The private jet carrying five people disappeared soon after departure from a Vermont airport on a snowy night 43 years ago, leaving no trace for searchers who believe it crashed into Lake Champlain.
Initial searches for the 10-seat Jet Commander turned up no wreckage and the lake froze over four days after the plane was lost on Jan. 27, 1971, shortly after it departed Burlington.
Now, authorities in New York and Vermont, spurred by the Malaysia Airlines disappearance in March, are mounting a fresh search and hope new technology will find the wreck.
Starting Friday, divers, high-resolution sonar, a submarine and the experience of experts volunteering their time will be brought to bear on the mystery of what happened to a plane that was recorded by radar at 5,000 feet one second and gone the next.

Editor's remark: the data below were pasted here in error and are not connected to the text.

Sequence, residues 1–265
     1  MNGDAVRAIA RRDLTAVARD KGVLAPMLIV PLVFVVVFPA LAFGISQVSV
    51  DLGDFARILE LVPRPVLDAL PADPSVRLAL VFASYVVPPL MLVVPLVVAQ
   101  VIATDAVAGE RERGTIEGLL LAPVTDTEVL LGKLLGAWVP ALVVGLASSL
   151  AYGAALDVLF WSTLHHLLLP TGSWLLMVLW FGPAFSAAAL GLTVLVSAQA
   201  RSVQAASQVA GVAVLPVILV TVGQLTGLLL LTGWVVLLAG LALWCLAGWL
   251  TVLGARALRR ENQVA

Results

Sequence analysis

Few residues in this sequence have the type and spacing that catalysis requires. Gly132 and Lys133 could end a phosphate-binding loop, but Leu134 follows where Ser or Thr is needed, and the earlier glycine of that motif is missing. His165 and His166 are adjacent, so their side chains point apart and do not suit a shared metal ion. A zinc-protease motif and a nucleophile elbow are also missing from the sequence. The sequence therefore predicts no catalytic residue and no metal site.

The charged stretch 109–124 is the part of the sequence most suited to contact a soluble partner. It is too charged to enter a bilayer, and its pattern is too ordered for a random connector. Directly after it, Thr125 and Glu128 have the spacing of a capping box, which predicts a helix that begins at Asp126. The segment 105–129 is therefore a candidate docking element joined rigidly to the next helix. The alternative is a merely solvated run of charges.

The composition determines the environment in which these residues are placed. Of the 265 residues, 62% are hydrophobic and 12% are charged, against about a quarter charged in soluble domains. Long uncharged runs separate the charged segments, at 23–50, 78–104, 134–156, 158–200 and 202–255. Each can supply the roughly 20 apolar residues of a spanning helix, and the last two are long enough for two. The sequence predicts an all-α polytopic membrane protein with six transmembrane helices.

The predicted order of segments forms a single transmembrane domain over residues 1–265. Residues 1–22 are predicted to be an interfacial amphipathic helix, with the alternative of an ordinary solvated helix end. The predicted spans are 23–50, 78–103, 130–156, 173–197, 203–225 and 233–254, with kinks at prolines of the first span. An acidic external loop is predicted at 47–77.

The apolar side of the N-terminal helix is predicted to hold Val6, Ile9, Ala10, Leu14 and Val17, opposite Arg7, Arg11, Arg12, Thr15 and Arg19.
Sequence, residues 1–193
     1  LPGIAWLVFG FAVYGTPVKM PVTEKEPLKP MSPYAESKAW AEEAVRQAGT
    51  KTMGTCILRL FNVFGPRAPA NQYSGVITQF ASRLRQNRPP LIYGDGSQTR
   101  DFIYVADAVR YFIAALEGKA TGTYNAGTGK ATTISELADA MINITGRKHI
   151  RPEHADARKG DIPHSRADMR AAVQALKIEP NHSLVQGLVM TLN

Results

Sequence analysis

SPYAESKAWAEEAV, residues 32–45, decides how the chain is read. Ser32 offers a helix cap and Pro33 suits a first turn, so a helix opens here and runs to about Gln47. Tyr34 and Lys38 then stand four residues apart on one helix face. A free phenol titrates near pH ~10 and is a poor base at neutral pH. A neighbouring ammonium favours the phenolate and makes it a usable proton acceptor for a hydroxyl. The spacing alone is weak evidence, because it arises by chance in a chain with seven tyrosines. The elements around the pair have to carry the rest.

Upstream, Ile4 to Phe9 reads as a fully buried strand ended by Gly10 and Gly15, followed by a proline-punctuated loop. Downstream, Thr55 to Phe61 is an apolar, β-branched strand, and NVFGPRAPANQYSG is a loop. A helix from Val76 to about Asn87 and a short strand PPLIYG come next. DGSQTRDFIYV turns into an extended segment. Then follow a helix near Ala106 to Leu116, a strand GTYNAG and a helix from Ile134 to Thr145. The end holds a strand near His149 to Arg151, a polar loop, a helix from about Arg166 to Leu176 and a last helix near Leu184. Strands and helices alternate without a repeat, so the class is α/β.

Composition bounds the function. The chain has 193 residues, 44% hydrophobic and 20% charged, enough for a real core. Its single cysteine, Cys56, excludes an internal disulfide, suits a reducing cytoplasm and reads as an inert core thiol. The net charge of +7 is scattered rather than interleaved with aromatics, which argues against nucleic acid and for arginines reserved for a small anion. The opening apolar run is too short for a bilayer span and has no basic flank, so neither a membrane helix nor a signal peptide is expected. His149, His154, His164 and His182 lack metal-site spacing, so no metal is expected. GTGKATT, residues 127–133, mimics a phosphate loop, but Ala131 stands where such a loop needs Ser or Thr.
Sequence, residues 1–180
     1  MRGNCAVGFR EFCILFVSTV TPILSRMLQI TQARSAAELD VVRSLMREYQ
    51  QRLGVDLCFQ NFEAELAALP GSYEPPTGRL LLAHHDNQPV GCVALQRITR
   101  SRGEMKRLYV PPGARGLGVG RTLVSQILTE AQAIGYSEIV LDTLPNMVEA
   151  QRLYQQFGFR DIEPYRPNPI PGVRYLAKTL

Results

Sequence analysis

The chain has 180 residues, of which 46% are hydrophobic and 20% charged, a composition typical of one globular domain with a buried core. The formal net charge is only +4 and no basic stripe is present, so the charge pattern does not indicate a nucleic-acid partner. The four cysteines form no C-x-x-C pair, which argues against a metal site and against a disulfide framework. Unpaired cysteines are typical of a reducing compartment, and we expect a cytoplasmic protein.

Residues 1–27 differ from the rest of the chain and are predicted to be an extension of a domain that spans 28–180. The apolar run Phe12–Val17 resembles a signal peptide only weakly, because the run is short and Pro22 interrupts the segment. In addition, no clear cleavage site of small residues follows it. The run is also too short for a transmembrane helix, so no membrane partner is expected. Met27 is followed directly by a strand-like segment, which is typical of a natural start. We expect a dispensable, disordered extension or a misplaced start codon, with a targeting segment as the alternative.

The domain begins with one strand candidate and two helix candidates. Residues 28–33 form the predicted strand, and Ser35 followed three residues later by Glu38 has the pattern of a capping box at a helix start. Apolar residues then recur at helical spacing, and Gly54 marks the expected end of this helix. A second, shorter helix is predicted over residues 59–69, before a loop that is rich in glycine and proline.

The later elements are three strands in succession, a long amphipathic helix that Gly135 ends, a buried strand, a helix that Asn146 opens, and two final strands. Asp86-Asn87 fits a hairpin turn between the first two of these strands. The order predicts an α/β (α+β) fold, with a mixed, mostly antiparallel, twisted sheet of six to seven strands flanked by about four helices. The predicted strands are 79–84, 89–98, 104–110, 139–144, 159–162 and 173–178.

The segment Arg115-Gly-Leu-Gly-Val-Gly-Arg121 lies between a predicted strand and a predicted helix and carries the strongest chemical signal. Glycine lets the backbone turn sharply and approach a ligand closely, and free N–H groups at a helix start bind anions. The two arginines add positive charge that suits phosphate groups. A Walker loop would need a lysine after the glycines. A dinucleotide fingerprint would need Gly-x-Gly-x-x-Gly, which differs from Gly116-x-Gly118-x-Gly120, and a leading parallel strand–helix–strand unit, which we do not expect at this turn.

“I’m hopeful,” said New York State Police Capt. John Tibbitts. “They did everything they could at the time with the available technology.”
Some items from the plane washed up over the years, he said, but without the wreckage there was no way for investigators to determine what happened.
Tibbitts said pilot George Nikita and co-pilot Donald Myers each had thousands of hours experience flying Jet Commanders and on that night had departed for Providence, R.I., carrying three passengers.
Lake Champlain is 400 feet deep in parts and presents a daunting challenge for divers. “The goal is to locate and recover the remains to finally bring some closure to these families,” Tibbitts said.